"All my ideas are terrible and I hate myself" - an interview with James Bugg
(...or how a talented writer created a brand new sketch show for 4Music...)
Hi James, thanks for speaking to us. You've written for numerous BBC shows such as The News Quiz and Dead Ringers, PLUS created and wrote 4Music's excellent sketch pilot Pop Sludge. How did you first get started in the world of comedy?
I started the way everyone else starts in comedy - writing a play about table football for University Radio York. I soon realised I could never have a real job because I don’t understand how to make formulas on Microsoft Excel, so I became a writer.
After graduating I started sending sketches to Newsjack, where I was lucky enough to be noticed pretty quickly. From there it all snowballed to me being offered the Comedy Writing Bursary (a staff writing job I talk about here) and that was five years ago now. I’m pretty much in it for the long haul unless bitcoin takes off again or I lose my laptop.
What advice do you have for new writers trying to learn the art of sketch?
Watch things! Write things! Show what you’ve written to your friends. Get your friends to slag it off. Get your friends to slag you off. Get strangers in the Co-Op to slag you off. Just embarrass yourself thoroughly.
My friends and I send stuff to each other all the time, meaning we’re constantly critiquing each other and trying to make each other laugh, which is good practice. We get on terribly but are totally dependent on one another which is pretty much the dream.
"Watch things! Write things! Show what you’ve written to your friends."
At Why did the Chicken? we teach writers that a strong premise is vital for a good sketch. What are your top tips for finding one?
Do stuff. The more you walk around and talk to people the more you’ll find funny situations and funny characters. Plus you’ll find your step count really rockets. Years spent sat at a desk wreaks havoc on your knees but, hey, the comedy writing books won’t teach you that.
Anyway, wander around til you find some ideas. Then chuck those out. Every day I feel like I've reinvented comedy, but then five minutes later I realise all my ideas are terrible and I hate myself. This is (probably) perfectly healthy (definitely -Ed). Because when I do find an idea that stays good for more than five minutes, I know that most of the misery is worthwhile and one day I may be able to come up with an idea lucrative enough to buy new knees. The dream being kneecaps which also USB charge my phone.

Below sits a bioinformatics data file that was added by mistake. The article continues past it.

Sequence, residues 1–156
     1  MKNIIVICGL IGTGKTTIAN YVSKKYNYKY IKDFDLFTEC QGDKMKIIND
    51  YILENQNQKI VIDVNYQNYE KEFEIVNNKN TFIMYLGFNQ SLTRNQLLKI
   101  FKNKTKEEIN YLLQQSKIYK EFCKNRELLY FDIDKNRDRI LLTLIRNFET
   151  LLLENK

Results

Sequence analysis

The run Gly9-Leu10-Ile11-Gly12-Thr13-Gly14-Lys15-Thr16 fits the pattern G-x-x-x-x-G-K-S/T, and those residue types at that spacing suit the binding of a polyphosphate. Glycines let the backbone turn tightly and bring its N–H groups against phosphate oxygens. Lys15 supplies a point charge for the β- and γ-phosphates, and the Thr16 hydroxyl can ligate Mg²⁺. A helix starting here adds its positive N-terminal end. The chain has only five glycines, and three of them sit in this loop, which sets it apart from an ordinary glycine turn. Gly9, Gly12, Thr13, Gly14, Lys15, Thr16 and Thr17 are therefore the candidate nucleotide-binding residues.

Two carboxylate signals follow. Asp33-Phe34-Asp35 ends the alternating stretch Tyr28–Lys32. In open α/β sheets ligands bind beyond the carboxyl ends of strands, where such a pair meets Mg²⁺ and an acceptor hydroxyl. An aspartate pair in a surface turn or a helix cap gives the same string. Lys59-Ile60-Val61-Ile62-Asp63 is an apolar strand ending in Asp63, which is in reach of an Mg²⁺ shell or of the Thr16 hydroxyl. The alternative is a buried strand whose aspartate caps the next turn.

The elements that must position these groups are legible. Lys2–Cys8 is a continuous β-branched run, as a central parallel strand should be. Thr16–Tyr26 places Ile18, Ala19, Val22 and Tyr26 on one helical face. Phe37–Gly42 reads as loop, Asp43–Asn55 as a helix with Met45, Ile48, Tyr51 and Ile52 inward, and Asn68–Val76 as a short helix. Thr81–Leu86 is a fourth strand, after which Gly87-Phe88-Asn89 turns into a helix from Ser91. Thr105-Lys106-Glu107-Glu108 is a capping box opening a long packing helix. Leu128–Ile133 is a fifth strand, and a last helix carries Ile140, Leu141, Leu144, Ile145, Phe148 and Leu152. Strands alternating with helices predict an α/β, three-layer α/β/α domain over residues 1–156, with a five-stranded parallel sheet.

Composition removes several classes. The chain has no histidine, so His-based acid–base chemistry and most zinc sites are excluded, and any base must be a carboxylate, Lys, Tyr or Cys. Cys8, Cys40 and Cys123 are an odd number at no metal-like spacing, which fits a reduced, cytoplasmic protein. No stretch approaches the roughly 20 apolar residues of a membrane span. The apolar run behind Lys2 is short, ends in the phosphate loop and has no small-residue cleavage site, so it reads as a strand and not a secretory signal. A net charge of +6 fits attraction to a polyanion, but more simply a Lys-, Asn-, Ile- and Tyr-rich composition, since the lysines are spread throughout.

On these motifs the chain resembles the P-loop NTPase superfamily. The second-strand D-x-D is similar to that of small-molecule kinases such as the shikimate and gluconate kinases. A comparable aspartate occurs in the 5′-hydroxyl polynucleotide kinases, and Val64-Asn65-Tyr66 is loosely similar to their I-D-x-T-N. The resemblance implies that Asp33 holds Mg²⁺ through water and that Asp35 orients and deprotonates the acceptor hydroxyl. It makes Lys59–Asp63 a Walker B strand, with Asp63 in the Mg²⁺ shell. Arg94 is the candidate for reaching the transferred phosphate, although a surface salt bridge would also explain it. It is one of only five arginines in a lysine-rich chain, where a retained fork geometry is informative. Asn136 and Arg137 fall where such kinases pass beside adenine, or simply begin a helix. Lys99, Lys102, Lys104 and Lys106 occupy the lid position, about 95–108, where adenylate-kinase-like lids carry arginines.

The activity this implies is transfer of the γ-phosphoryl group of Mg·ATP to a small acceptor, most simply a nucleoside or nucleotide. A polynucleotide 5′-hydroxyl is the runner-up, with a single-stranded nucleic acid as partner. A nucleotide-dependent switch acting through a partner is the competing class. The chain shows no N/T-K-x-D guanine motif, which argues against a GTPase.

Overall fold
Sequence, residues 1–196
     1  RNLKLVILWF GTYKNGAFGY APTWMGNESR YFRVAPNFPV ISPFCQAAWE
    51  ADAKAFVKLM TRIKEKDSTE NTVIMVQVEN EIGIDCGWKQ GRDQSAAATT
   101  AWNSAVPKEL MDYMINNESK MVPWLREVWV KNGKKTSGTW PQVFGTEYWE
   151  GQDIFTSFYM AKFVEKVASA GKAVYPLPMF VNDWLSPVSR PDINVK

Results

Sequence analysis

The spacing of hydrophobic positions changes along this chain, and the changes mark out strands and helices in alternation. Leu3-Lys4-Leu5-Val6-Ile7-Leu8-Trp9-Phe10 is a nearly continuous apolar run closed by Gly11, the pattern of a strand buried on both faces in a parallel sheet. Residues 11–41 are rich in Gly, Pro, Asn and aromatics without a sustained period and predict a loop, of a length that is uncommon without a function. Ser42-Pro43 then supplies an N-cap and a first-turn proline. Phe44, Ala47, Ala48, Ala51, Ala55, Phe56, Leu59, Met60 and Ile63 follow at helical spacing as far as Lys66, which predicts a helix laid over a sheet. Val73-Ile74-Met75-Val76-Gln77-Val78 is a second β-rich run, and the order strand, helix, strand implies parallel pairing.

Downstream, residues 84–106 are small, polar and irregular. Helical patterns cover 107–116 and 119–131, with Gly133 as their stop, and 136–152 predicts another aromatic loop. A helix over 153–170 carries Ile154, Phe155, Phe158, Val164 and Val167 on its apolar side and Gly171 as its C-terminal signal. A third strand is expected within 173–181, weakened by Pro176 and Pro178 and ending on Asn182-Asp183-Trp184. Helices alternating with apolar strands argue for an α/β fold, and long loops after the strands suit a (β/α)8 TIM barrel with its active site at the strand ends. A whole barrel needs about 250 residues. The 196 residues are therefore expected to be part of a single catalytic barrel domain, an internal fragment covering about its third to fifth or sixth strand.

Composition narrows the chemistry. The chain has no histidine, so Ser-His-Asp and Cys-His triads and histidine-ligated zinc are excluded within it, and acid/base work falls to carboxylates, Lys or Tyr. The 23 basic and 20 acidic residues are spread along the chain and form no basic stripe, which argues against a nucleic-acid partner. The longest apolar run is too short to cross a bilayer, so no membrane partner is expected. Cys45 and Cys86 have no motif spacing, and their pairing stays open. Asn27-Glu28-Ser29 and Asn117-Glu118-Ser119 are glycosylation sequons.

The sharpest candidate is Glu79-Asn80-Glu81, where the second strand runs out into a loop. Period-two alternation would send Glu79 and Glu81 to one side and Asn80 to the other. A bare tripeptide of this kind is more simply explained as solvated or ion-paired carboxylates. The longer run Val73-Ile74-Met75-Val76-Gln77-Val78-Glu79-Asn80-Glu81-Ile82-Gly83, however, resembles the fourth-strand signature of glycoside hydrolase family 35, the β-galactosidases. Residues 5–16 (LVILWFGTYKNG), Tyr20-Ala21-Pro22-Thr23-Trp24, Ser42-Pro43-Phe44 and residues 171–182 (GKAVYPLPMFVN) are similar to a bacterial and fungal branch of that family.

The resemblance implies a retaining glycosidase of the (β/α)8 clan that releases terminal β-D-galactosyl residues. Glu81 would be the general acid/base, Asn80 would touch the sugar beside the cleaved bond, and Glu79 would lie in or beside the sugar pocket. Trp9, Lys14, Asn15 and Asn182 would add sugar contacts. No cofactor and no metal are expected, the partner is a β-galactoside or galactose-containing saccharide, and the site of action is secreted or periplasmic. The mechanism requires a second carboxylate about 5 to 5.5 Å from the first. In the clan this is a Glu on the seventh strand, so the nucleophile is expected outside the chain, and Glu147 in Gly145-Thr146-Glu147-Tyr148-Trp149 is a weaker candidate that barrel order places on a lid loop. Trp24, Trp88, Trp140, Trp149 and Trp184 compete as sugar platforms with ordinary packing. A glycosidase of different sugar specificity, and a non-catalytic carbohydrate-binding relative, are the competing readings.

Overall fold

My other technique, and one I'd recommend only if desperate, is a little something I call ‘Spanish Hell’. You take this one hour loop of the ‘Spanish Flea’, put your headphones on and then try and slip into a writing trance. Every episode of The News Quiz I wrote on, I wrote like this (Ed - this is actually true). It’s a technique loosely inspired by something I read about Guantanamo Bay*, where they’d just play David Gray over and over until you cracked. It’ll either be the best way you’ve ever worked or you’ll go mad.
*Guantanamo Bay is bad and this technique is only cool if you’re inflicting it upon yourself
"Do stuff. The more you walk around and talk to people the more you’ll find funny situations and funny characters."
Newsjack is considered a really important 'gateway show' for Comedy writers - but if you're struggling to get on or you're in between series, where else might new writers get to submit or road-test their work?
Newsjack is brilliant. It gave my friends and I an opportunity to write comedy professionally and hearing your nonsense on the radio is pretty cool. Although you are at risk of accidentally hearing The Archers. But, all in all, the pros probably just about outweigh that.
However Newsjack's not the be-all and end-all. Some people won’t be right for it and that doesn’t mean you’re no good. Just keep plugging away, maybe with stand up, maybe make a short film. Or just keep a diary where you try to make yourself laugh every day. You’ll stay disciplined AND remember when St David’s Day is.
"Newsjack's not the be-all and end-all. Some people won’t be right for it and that doesn’t mean you’re no good. "
Can you describe your typical writing day for us?
I wake up as early as I can, make a smoothie and listen to Work From Home by Fifth Harmony a minimum of seven times. In case you’re not familiar with this it’s a song about how much people want to have sex with you if you work from home which as everyone knows is 100% true. This gets me pumped so much I will listen to it another four to five times.